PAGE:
# Hopefully Interesting

## March 17, 2008

### Dilworth’s Theorem II

Filed under: math.CO,motivated theorems — Pietro @ 6:48 am
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We continue our discussion of Dilworth’s theorem from last time. To recall, we proved by (a very algorithmic) induction that, if $(P,\leq )$ is a finite poset whose largest antichain has $m$ elements, then $P$ is the union of $m$ chains. Today we’ll see how a batch of standard (and important) techniques can prove the theorem for general $P$, from the finite case. As before, we will often refer to decompositions of $P$ into chains as colorings of $P$, which will always be subject to the restriction that two similarly colored elements be comparable. When we wish to emphasize this property, we may employ the term consistent coloring. It is easy to see that colorings using $m$ colors are equivalent to decompositions into $m$ chains. (more…)

## March 14, 2008

### Quantitative Borel-Cantelli Lemma

Filed under: math.CA,motivated theorems — Pietro @ 12:00 pm
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Everyone knows and loves the Borel-Cantelli lemma: it is widely used, intuitive and has a cute proof. Let’s recall it.

Borel-Cantelli Lemma. Let $(X,\mathcal{M},\mu)$ be a measure space, and $(E_n)_{n\in\mathbb{N}}$ a sequence of measurable sets such that $\sum_{n\in\mathbb{N}} \mu(E_n) < \infty$. Then the points of $X$ that lie in infinitely many $E_n$ form a set of measure zero.

Proof. We present the usual slick proof of the lemma, and postpone intuition until the development of a quantitative statement. Define $F_\infty$ to be the set of points lying in infinitely many $E_n$, and notice that $F_\infty = \bigcap_{n\in\mathbb{N}} \bigcup_{k\geq n} E_k$. It follows that $F_\infty$ is measurable, and contained in each cofinite union $\bigcup_{k\geq n} E_k$. Now, $\mu(\bigcup_{k\geq n}E_k) \leq \sum_{k\geq n} \mu(E_k)$, and the latter goes to zero as $n\to\infty$, because $\sum_{n\in\mathbb{N}} \mu(E_n)$ converges. Thus $\mu(F_\infty)=0$, as claimed. $\Box$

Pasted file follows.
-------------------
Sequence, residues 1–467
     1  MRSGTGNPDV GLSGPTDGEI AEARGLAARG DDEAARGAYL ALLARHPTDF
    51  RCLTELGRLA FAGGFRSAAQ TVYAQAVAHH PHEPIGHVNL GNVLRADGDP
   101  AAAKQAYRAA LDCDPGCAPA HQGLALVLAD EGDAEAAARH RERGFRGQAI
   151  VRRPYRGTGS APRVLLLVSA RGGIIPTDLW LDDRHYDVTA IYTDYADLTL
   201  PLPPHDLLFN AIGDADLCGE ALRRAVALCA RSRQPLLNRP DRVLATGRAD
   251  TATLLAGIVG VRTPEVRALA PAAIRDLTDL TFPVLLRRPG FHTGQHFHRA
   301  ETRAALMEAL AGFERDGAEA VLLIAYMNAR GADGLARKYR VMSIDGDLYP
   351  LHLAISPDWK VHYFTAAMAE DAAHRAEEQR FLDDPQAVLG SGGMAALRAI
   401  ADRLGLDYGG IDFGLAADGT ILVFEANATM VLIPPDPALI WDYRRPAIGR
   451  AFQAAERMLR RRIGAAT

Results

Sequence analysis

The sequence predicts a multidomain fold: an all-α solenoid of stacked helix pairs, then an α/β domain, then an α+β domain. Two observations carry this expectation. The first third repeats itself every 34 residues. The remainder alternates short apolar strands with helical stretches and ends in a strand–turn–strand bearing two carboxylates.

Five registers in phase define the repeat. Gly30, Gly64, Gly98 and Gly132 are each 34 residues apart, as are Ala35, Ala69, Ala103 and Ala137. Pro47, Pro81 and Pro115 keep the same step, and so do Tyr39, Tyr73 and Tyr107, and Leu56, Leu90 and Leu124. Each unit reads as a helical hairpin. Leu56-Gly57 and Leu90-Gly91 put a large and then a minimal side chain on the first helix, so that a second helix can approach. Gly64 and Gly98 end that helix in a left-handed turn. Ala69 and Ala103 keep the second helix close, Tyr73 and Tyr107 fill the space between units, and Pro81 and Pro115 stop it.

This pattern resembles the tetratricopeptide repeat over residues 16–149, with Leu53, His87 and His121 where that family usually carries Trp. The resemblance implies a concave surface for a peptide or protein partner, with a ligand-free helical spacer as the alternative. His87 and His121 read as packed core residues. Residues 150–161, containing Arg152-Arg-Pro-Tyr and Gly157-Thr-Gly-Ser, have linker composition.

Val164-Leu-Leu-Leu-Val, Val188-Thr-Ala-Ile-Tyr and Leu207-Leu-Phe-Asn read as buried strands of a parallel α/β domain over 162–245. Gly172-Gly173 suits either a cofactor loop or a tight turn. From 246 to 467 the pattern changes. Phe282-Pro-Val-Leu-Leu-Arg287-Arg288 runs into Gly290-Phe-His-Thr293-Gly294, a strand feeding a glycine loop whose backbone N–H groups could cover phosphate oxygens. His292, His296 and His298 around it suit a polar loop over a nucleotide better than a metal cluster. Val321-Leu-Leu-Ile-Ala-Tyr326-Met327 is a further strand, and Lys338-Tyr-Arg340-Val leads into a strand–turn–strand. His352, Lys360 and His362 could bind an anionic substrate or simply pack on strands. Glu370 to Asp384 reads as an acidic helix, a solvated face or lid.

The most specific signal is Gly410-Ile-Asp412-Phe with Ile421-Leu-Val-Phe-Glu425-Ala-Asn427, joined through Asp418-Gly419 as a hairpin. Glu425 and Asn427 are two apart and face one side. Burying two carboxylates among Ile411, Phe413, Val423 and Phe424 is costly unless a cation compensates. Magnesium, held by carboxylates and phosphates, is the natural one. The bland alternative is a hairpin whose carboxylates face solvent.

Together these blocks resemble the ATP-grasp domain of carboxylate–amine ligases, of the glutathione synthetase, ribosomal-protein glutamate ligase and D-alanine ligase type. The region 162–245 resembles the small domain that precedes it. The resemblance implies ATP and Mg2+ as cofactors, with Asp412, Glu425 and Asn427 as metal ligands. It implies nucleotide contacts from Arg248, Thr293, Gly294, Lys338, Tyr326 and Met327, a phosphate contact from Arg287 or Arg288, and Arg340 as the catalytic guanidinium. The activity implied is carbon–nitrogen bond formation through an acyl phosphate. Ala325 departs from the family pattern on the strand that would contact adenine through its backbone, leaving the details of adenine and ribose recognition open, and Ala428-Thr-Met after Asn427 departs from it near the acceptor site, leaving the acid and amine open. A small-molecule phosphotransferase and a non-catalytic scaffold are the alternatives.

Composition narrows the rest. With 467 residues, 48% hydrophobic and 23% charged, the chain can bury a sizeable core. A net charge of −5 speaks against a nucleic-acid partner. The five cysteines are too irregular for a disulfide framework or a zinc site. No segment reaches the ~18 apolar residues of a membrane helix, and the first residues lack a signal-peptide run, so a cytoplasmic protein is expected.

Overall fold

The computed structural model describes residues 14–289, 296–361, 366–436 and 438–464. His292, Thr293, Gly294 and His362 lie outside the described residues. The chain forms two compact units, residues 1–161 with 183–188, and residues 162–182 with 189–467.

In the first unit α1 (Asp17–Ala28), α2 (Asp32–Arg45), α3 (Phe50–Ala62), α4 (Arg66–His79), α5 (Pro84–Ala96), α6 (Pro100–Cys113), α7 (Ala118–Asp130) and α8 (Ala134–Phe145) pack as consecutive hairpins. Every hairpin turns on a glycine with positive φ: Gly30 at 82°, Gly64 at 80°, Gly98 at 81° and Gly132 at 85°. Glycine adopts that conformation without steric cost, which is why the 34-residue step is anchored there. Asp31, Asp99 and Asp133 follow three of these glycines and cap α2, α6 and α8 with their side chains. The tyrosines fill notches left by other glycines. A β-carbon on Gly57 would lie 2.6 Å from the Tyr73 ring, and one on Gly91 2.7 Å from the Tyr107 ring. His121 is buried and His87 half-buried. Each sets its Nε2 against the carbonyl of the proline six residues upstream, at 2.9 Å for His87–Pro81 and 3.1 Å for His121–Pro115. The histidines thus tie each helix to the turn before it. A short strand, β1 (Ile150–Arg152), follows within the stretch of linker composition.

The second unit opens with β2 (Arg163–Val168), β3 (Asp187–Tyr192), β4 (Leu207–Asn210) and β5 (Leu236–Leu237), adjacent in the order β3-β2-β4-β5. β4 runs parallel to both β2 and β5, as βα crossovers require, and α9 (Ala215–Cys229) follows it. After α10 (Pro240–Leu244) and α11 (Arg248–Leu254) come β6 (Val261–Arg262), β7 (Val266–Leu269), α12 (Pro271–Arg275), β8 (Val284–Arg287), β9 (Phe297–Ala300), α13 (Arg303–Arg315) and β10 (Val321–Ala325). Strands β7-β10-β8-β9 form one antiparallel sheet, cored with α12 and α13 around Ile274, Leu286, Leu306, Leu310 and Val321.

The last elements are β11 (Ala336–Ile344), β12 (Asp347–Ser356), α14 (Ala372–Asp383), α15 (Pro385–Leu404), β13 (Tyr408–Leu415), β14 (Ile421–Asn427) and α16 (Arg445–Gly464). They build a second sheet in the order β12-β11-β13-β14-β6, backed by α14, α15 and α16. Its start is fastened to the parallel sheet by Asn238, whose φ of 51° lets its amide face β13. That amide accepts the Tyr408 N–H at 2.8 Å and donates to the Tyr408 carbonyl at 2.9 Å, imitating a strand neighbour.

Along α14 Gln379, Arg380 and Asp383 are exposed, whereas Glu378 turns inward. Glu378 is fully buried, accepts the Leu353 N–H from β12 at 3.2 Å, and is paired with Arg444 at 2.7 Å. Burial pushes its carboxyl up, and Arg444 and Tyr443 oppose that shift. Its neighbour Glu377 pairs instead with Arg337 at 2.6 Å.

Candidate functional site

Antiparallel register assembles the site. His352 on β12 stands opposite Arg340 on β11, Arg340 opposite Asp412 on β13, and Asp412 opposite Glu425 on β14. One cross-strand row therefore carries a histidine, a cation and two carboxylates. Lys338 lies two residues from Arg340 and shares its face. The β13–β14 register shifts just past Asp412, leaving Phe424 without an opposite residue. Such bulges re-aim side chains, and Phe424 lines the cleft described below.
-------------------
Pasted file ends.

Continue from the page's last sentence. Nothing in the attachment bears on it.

Alright, so the set of points lying in “very many” $E_n$ is “very small”. A natural quantitative question to ask at this point is: how small is the set of points lying in “moderately many” $E_n$? More precisely, if $F_k$ is the set of points lying in at least $k$ of the $E_n$, and $G_k = F_k \backslash F_{k+1}$ the set of points lying in exactly $k$ of the $E_n$, can we get bounds on $\mu(F_k)$ and $\mu(G_k)$, depending on $k$?

## March 6, 2008

### Dilworth’s Theorem I

Filed under: math.CO,motivated theorems — Pietro @ 10:46 am
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Today I’d like to talk about a gorgeous theorem in order theory. Since partial orders are such general objects, the theorem potentially has many applications, especially in combinatorics (we shall see a few, in fact); and to top it off, I found a very cute inductive proof.

Here’s the statement:

Theorem 1. Let $(P,\leq )$ be a partially ordered set (a poset) in which the largest antichain has size $m$. Then it is possible to decompose $P$ into the union of $m$ chains.

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